The 22-minute episodes, 12 in all, are spread over two single-sided discs and, amusingly, are numbered backwards from "00:12" to "00:01," like a ticking time bomb. There are no extra features, but each episode has at least several awesomely spectacular scenes of destruction.
For what it's worth, the series is hosted by Fox/NFL sportscaster Ron Pitts, who introduces each episode from what looks like some remote section of Mulholland Drive in Los Angeles. He's really only there to put a human face on what's essentially a clip show.
The clips tend to be of the same type from episode-to-episode with, invariably, high-speed boat crashes, air show collisions, industrial explosions, natural disasters (usually a hurricane/typhoon or tornado), stock car and drag strip crashes, and so on. Sometimes archival footage stretching back to the 1930s is used: overly familiar footage of the Hindenburg crash, H-bomb tests, and the one-of-a-kind destruction of "Galloping Gertie," the Tacoma Narrows Bridge that oscillated like a character in a Max & Dave Fleischer cartoon.
Much of the footage is jaw-droppingly spectacular: a welding supplies site in Dallas catches fire, sending heavy, man-sized acetylene tanks shooting hundreds of feet into the air and onto a nearby, busy freeway; a commuter train vs. 18-wheeler, the latter instantly turned into confetti; the collapse of an eight-story building in Manila, like something out of Godzilla; men in the back of a pick-up truck fleeing for their lives from a spectacularly destructive mudslide mere feet away.
The issue of taste: Shows like this walk a very fine line trying to balance wanting to exploit all this undeniably eye-popping footage while coming to terms with the real-world injury and death accompanying these types of images. Most of the time, the producers exhibit reasonable restraint. If the narration is to be believed, in the vast majority of clips either no one is hurt or the victims' injuries are minor. In some cases the injuries are more serious, but these tend to happen to people working in highly dangerous professions to begin with, like racecar drivers and jet fighter pilots. Though 37 people died in the Hindenburg crash, that footage is so iconic I doubt hardly anyone over the age of 15 hasn't already seen it at least once. However, there are a couple of clips of fatal disasters that the show's producers probably shouldn't have used, such as a water tower/crane accident that's pretty horrifying. Still, in almost every show there is spectacular destruction you'd think no one could possibly walk away from but, in most cases, they do.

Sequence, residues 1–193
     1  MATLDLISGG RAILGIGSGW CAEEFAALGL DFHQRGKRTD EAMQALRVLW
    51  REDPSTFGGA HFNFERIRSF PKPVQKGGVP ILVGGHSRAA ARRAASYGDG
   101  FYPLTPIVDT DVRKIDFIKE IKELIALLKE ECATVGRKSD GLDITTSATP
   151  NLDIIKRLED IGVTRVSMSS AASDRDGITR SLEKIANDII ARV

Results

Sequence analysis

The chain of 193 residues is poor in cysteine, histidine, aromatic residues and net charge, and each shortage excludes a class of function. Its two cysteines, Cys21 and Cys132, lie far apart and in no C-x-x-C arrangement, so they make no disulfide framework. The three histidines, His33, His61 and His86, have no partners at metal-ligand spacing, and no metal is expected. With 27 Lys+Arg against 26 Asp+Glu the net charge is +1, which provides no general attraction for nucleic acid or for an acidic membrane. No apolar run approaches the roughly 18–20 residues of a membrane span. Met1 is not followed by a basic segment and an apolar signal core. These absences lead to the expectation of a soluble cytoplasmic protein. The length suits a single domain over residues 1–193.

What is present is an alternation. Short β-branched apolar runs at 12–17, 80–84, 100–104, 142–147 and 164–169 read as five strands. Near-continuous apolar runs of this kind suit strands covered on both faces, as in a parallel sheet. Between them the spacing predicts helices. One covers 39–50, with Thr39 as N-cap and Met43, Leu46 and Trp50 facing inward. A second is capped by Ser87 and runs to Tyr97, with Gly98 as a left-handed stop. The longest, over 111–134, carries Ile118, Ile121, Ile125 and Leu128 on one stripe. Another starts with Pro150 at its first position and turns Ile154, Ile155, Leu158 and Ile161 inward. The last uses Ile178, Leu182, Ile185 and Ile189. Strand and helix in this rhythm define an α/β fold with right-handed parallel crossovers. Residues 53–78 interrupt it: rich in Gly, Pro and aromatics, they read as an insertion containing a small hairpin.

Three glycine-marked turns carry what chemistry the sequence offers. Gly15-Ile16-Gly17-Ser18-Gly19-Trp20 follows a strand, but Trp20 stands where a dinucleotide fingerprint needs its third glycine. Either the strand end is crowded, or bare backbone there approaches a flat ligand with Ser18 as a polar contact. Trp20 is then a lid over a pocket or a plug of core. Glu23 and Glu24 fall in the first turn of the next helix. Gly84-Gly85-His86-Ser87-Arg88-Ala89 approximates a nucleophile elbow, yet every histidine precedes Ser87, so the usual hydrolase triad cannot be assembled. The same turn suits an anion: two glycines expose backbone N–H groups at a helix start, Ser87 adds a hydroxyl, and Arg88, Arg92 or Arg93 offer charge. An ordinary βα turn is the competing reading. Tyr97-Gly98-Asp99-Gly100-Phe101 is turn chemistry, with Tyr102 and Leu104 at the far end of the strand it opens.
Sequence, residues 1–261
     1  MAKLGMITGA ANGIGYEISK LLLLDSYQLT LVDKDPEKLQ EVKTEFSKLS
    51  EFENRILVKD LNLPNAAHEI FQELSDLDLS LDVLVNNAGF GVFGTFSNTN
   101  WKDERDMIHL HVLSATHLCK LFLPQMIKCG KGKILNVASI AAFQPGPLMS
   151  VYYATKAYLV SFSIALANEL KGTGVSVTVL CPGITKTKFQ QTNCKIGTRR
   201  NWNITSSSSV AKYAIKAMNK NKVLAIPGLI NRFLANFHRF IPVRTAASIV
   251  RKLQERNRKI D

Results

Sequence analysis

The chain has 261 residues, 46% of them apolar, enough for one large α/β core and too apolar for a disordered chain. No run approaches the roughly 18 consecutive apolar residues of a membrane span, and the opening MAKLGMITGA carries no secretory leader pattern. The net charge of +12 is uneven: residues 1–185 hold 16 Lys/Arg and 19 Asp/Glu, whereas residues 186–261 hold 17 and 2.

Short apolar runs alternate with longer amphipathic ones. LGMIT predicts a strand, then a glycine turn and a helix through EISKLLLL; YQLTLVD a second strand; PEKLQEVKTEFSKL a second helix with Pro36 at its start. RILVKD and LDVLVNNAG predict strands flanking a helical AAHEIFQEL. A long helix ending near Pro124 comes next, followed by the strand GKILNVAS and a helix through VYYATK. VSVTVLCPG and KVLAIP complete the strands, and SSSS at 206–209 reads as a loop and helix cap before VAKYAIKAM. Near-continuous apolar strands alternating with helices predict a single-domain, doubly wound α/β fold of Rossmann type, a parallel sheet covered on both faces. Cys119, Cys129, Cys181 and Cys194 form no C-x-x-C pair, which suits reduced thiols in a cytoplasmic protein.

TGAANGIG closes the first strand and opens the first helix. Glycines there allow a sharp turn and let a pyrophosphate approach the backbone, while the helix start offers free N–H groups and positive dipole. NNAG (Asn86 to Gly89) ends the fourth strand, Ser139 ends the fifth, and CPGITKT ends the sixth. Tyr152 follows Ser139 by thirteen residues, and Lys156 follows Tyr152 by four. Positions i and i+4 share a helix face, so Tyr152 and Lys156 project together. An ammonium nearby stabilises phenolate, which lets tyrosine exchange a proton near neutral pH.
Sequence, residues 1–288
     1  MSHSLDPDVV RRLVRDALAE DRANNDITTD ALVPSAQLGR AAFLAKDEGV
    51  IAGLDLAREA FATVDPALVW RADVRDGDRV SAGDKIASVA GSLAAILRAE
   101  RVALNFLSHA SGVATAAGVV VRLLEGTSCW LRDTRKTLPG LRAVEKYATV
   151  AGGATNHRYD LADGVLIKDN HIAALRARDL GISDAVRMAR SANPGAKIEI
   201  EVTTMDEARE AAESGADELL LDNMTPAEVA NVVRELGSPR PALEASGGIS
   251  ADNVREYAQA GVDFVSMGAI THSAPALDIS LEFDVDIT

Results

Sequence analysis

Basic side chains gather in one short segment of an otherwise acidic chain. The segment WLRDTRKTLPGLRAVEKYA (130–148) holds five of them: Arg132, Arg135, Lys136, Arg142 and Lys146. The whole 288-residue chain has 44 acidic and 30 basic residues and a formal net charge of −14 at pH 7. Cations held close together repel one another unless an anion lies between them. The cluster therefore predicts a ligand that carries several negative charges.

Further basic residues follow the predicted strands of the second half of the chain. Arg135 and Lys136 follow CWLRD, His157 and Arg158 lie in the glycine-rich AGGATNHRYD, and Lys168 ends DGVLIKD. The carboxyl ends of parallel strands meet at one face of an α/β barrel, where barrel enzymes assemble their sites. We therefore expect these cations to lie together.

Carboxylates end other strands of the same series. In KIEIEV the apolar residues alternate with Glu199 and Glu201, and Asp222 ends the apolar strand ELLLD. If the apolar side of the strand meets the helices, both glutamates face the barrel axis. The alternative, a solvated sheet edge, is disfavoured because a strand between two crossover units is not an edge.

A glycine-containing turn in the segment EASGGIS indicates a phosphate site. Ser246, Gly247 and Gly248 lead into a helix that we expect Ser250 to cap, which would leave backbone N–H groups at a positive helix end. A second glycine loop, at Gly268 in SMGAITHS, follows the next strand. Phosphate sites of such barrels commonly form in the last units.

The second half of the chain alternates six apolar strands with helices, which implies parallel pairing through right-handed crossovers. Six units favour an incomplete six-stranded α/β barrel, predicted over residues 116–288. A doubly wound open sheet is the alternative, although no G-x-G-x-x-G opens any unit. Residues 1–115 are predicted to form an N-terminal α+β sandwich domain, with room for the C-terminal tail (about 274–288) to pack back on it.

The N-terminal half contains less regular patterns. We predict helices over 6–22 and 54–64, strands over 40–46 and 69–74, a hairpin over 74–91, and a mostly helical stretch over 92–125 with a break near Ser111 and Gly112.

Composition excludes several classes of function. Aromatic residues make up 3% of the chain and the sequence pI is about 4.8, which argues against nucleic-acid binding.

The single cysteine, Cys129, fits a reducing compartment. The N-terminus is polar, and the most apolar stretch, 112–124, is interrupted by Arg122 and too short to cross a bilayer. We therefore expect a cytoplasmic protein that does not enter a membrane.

Video & Audio
Oddly, the full-frame shows default to English subtitles. It's easy enough to turn those off, but both discs I watched had that strange defect. The quality of the disaster footage varies, of course, but generally the show looks quite good. The Dolby Digital Stereo audio is fine; most of the footage has remixed sound effects anyway, but it serves its function. The total running time is 4 hours, 24 minutes. There are no Extra Features, but the packaging helpfully includes an episode guide listing key segments of each show.
There's a big "Holy Crap!" quotient to Destroyed in Seconds, an addictive show I admit to racing through at a rate of about one a day until it was done. Recommended.
Stuart Galbraith IV's latest audio commentary, for AnimEigo's Tora-san DVD boxed set, is on sale now.